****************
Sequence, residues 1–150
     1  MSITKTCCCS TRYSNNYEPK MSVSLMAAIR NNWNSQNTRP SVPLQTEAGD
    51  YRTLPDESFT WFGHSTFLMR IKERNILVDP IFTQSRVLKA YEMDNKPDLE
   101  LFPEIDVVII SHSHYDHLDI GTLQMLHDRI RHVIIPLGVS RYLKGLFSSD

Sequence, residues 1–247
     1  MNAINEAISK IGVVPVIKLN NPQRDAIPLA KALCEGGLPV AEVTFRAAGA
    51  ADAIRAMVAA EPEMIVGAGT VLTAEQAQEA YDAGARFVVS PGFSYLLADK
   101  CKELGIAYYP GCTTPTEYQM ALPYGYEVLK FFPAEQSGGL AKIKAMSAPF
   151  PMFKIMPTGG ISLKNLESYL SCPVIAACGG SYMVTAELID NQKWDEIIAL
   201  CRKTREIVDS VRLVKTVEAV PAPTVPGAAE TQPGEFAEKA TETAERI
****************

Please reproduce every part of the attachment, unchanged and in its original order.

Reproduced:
Sequence, residues 1–150
     1  MSITKTCCCS TRYSNNYEPK MSVSLMAAIR NNWNSQNTRP SVPLQTEAGD
    51  YRTLPDESFT WFGHSTFLMR IKERNILVDP IFTQSRVLKA YEMDNKPDLE
   101  LFPEIDVVII SHSHYDHLDI GTLQMLHDRI RHVIIPLGVS RYLKGLFSSD

Sequence, residues 1–247
     1  MNAINEAISK IGVVPVIKLN NPQRDAIPLA KALCEGGLPV AEVTFRAAGA
    51  ADAIRAMVAA EPEMIVGAGT VLTAEQAQEA YDAGARFVVS PGFSYLLADK
   101  CKELGIAYYP GCTTPTEYQM ALPYGYEVLK FFPAEQSGGL AKIKAMSAPF
   151  PMFKIMPTGG ISLKNLESYL SCPVIAACGG SYMVTAELID NQKWDEIIAL
   201  CRKTREIVDS VRLVKTVEAV PAPTVPGAAE TQPGEFAEKA TETAERI